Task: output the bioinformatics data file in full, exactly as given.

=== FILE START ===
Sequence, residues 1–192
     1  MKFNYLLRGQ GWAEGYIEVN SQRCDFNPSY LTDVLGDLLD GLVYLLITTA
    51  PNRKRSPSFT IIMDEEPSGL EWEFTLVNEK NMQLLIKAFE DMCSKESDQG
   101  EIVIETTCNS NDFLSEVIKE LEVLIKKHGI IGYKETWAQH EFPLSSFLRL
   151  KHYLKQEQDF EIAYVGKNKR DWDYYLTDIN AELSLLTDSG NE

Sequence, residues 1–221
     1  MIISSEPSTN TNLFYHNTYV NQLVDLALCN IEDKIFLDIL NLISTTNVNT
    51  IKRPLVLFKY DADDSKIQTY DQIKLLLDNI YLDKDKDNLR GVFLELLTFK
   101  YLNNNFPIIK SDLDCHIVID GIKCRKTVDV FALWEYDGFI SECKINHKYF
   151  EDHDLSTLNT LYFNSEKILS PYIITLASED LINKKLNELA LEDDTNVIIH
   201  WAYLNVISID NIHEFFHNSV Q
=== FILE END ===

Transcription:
Sequence, residues 1–192
     1  MKFNYLLRGQ GWAEGYIEVN SQRCDFNPSY LTDVLGDLLD GLVYLLITTA
    51  PNRKRSPSFT IIMDEEPSGL EWEFTLVNEK NMQLLIKAFE DMCSKESDQG
   101  EIVIETTCNS NDFLSEVIKE LEVLIKKHGI IGYKETWAQH EFPLSSFLRL
   151  KHYLKQEQDF EIAYVGKNKR DWDYYLTDIN AELSLLTDSG NE

Sequence, residues 1–221
     1  MIISSEPSTN TNLFYHNTYV NQLVDLALCN IEDKIFLDIL NLISTTNVNT
    51  IKRPLVLFKY DADDSKIQTY DQIKLLLDNI YLDKDKDNLR GVFLELLTFK
   101  YLNNNFPIIK SDLDCHIVID GIKCRKTVDV FALWEYDGFI SECKINHKYF
   151  EDHDLSTLNT LYFNSEKILS PYIITLASED LINKKLNELA LEDDTNVIIH
   201  WAYLNVISID NIHEFFHNSV Q